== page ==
Writer shares South American tale

Pierra WillixBusselton Dunsborough Times
Author Rusty Young will be speaking in the region next week..
Camera IconAuthor Rusty Young will be speaking in the region next week..

Travelling to South America as a backpacker and ending up living in one of the world’s most notorious prisons is not an easy introduction to writing, but for Rusty Young, the experience gave him the impetus to write his bestselling novel, Marching Powder.

The Times spoke to Young ahead of his appearances at events in the region next week, where he will launch his latest novel, Colombiano.

At age 24, as a recent law graduate from Sydney, Young said he decided to go travelling before starting work at a merchant bank.

While travelling through South America with his girlfriend, the couple encountered other tourists who encouraged them to visit Bolivia’s San Pedro prison, where tours were run by convicted drug trafficker Thomas McFadden.

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“You go to the prison, leave your passport and the gate opens and Thomas is there waiting for you,” he said.

“We did a one-hour tour for $US5 and at the end he selected three of us and let us spend the night there for another $5.”

Young said he had always wanted to be a writer but until that point had never found a subject to write about.

After pitching the idea to Thomas, Young was told he could stay in the prison to experience what life was really like living inside.

“I agreed to stay in the prison and do research but did not expect to spend four months there; in hindsight that experience gave the book authenticity,” he said.

Colombiano is described as a revenge thriller that follows the story of a teenage boy, Pedro, who, after witnessing his father’s murder, joins a guerrilla group to avenge his death.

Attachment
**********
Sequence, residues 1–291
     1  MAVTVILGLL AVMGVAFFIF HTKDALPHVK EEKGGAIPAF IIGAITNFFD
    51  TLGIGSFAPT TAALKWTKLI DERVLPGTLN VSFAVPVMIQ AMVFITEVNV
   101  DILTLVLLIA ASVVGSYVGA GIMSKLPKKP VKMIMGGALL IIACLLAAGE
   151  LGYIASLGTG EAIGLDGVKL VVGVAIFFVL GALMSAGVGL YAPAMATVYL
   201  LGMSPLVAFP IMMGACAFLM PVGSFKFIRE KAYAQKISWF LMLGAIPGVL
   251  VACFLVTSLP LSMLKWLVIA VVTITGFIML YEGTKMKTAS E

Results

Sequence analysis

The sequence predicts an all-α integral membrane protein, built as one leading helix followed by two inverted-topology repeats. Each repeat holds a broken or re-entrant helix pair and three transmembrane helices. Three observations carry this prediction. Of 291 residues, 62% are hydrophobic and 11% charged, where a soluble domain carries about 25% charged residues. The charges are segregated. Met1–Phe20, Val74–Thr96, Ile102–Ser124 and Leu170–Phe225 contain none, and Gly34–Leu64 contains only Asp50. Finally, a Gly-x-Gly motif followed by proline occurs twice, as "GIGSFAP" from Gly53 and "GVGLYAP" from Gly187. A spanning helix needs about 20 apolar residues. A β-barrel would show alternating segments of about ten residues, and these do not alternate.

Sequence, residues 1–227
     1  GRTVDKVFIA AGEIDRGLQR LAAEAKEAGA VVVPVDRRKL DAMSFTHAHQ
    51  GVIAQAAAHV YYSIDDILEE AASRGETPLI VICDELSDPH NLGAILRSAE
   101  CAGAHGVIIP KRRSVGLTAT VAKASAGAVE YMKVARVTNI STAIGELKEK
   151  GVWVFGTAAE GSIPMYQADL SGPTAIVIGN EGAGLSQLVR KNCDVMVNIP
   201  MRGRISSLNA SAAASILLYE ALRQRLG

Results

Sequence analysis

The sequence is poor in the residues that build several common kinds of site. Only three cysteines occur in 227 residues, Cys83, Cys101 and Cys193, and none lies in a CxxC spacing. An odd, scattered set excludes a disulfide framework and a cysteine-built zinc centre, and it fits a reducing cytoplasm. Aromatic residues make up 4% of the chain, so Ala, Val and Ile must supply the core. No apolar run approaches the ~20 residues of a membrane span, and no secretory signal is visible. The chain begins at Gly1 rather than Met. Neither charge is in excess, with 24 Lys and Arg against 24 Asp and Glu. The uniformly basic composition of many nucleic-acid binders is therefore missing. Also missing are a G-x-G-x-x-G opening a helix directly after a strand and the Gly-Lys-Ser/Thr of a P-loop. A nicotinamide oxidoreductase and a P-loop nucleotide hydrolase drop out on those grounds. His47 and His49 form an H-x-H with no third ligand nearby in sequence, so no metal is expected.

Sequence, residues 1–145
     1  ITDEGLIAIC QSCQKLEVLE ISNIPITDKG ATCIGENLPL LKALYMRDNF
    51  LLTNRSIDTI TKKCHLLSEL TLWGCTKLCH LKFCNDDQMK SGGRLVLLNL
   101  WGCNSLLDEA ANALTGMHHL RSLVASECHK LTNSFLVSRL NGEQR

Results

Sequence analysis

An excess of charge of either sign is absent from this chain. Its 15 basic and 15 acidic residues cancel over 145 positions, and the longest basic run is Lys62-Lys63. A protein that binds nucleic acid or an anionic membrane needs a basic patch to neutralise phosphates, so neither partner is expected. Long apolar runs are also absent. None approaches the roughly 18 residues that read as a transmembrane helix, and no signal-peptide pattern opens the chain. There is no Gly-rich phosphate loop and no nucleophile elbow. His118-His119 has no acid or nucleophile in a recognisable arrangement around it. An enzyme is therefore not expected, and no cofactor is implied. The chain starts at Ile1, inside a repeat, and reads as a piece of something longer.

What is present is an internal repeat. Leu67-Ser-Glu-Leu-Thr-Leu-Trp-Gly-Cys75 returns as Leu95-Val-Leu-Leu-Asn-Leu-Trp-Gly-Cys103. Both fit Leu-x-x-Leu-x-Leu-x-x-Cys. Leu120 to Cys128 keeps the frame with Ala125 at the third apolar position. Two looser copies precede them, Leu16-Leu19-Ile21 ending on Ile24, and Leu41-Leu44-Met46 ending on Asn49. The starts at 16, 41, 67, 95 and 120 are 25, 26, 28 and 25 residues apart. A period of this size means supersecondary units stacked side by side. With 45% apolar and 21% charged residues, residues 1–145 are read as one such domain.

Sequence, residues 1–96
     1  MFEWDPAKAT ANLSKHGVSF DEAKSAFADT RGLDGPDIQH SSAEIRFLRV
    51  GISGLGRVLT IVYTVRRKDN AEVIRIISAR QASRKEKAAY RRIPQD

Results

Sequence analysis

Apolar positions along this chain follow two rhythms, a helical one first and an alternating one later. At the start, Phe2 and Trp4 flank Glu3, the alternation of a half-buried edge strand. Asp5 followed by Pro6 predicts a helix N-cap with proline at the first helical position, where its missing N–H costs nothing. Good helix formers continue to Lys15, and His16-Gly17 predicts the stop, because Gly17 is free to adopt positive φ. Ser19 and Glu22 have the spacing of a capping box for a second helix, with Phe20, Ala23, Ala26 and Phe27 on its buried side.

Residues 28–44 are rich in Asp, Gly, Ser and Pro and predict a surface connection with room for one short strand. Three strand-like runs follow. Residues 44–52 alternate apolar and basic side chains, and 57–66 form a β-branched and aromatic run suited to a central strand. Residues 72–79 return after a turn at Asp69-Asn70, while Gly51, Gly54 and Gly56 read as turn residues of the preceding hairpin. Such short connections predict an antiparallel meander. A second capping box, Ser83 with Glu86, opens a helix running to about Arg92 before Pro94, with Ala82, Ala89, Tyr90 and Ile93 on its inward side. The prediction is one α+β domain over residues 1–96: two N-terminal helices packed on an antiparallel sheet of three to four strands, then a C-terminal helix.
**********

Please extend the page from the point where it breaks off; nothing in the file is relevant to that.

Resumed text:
While working for the US Government in counterterrorism in Colombia, Young said he came in contact with special force soldiers, snipers, undercover intelligence agents and members of terrorist organisations, but it was the plight of child soldiers which truly caught his attention.

“Those were the most impactful and gut-wrenching stories which really broke my heart,” he said.

“A lot of them had volunteered, joining as young as eight years old, and I was interested in how children’s lives were so bad that they considered joining armed insurgency groups.”

While writing the novel, Young said he met with about 30 or 40 former child soldiers, which he said gave the fictional storyline a level of authenticity.

“There is no way I could have invented a plotline like that without hearing their stories,” he said.

Young said he hoped the book would also alert readers to the prevalence of child soldiers.

“When I first went to Colombia I didn’t even know there were child soldiers in that country and most Westerners are completely unaware of this,” he said.

“It is a way of educating the world about the fact child soldiers do exist here.

“I also try and made a link between the Western consumption of cocaine and the conflict in Colombia.”

Young will be speaking at two events next week, at the Busselton library at 3.30pm on Wednesday August 9, and at the Margaret River Cultural Centre at 6.30pm.

The Busselton event is free, with attendees asked to RSVP to Barefoot Books or the Busselton Library on 9751 3905 or 9781 1777.

Tickets to the other event are $10 and are available from mrrwfestival.com/whats-on, by phoning 9758 7316 or in person at the centre.

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